Onchiota, NY — At noon on Saturday, September 16, there will be a public unveiling of a historic roadside marker to celebrate the recent naming of John Thomas Brook. The new name pays homage to 19th-century Black settler John Thomas, who escaped enslavement in Maryland and established a successful farm near the small stream in Vermontville, NY that was formerly known pejoratively as “N-word Brook” then as “Negro Brook.” Mr. Thomas, his wife Mary, and their son Richard are buried in Union Cemetery in Vermontville.
Public invited to naming ceremony for John Thomas Brook in Onchiota, Sept.16
The unveiling will take place on the Paul Smith’s College property on County Route 60, approximately 150 yards east of the Six Nations Iroquois Cultural Center in Onchiota, NY. It will be followed by a reception at The Station in Onchiota, where guests can enjoy free refreshments provided by The Barley Sandwich and the Dreaming of Timbuctoo historical exhibit curated by historian Amy Godine and the human rights organization John Brown Lives! The ceremony and reception are both free and open to all.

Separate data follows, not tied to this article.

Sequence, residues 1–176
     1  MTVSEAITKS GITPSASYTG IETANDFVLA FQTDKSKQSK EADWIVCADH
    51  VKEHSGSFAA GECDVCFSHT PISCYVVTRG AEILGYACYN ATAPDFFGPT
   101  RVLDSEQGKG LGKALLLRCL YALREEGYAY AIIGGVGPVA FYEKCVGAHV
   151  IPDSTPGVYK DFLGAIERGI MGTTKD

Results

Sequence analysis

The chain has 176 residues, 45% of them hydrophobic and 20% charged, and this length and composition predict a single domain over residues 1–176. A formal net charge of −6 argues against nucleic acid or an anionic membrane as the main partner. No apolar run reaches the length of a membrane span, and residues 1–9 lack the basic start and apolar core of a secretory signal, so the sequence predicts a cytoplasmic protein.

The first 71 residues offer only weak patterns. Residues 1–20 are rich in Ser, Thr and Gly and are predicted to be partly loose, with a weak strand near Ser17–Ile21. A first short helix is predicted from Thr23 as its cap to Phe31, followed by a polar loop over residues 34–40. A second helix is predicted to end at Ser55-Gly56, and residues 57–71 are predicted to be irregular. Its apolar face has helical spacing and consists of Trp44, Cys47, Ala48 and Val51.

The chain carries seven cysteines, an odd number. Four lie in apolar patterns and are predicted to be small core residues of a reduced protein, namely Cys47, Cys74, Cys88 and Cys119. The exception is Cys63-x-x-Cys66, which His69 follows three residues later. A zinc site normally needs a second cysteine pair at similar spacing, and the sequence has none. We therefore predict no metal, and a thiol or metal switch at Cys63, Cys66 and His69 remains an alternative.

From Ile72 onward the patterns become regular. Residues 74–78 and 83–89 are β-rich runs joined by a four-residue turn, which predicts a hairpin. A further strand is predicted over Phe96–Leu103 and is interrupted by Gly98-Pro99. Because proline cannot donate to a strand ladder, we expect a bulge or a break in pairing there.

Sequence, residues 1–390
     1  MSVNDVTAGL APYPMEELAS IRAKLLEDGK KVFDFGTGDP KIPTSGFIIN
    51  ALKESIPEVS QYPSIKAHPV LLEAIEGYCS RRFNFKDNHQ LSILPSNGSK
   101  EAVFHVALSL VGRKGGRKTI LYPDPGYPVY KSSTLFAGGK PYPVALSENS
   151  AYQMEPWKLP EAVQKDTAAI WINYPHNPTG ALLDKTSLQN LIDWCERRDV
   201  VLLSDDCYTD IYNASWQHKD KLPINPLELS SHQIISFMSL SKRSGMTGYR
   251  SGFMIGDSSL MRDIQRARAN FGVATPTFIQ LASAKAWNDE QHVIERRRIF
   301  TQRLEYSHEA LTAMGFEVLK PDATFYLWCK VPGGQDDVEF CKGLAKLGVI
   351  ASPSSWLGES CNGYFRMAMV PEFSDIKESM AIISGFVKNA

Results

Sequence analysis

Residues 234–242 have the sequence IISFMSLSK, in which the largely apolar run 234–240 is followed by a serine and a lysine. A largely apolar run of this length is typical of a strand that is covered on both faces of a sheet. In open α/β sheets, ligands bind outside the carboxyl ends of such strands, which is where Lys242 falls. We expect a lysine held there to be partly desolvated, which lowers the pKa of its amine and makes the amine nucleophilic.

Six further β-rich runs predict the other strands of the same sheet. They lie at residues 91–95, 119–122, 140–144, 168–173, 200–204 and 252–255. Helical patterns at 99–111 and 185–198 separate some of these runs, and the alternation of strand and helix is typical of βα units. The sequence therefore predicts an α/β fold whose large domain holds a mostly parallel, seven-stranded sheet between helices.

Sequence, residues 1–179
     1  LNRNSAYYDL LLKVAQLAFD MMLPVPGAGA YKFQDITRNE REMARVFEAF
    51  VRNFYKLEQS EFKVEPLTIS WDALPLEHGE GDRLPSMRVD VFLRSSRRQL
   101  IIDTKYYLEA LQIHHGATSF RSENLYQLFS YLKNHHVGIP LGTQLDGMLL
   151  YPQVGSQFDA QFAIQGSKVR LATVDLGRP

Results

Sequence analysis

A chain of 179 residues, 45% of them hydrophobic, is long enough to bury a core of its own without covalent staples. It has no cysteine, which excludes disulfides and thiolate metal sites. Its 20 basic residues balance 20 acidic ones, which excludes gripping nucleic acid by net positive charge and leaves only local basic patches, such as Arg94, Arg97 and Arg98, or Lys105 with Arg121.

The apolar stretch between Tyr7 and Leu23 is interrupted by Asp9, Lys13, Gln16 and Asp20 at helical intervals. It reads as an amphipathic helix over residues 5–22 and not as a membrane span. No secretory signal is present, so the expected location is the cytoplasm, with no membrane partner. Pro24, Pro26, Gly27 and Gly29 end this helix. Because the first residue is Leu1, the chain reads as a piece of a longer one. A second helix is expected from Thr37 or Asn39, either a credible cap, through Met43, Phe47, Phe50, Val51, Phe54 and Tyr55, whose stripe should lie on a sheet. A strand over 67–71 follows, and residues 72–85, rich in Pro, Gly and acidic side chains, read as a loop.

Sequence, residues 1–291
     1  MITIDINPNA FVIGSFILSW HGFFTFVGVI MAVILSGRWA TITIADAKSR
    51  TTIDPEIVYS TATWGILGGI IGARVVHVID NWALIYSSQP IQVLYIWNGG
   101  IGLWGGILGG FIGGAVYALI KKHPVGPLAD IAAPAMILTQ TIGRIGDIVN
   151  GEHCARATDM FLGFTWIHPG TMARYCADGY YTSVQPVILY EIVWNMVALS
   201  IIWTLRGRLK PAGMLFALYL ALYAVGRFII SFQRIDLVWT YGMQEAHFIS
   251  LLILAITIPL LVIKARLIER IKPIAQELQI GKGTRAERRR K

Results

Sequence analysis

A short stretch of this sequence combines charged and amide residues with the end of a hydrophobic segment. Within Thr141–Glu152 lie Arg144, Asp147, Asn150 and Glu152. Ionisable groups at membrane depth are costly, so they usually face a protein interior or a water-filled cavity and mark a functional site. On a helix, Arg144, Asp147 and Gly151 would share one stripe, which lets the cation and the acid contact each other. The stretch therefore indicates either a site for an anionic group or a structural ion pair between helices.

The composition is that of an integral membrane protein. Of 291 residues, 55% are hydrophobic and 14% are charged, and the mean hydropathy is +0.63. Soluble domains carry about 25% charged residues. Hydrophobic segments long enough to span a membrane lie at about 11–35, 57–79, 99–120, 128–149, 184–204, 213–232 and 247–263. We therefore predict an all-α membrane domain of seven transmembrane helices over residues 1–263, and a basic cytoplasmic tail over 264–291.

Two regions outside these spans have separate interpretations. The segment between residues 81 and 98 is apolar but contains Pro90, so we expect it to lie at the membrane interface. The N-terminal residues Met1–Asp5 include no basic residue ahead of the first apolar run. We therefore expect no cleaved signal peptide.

Speakers at the unveiling will include Tiffany Rea-Fisher, director of the Adirondack Diversity Initiative; David Fadden, director of the Six Nations Iroquois Cultural Center; and Curt Stager, professor at Paul Smith’s College.
Stager led the effort to change the name of the brook, which was accompanied by letters of support from faculty, staff, and students of Paul Smith’s College, the town of Franklin, Franklin County officials, the Adirondack Diversity Initiative, Historic Saranac Lake, the Six Nations Iroquois Cultural Center, North Country Underground Railroad Historical Association, and many local residents. The group’s application to the U.S. Board of Geographical Names was approved on April 13, 2023.
The unveiling will be preceded on Thursday, September 14, by a free public lecture on the multicultural history of the Adirondacks at 7 p.m. in Freer Auditorium at Paul Smith’s College.
The events on Saturday will be followed by additional celebrations of Black History in the Adirondacks including a screening of the film “His Truth Is Marching On” at 6:30 p.m. at Lake Flower Landing in Saranac Lake, and a “Blues At Timbuctoo” music festival at the John Brown Farm in Lake Placid from noon to 5 p.m. on Sunday, September 17.
For more information about the reception at The Station, contact Melissa Lambert at www.stationadk.com.
Check out a story by Adirondack Explorer reporter Mike Lynch about the renaming of the John Thomas Brook at this link.
Photo at top: This brook near Bloomingdale was recently renamed to John Thomas Brook, for a 19th century Black settler. Photo by Mike Lynch.
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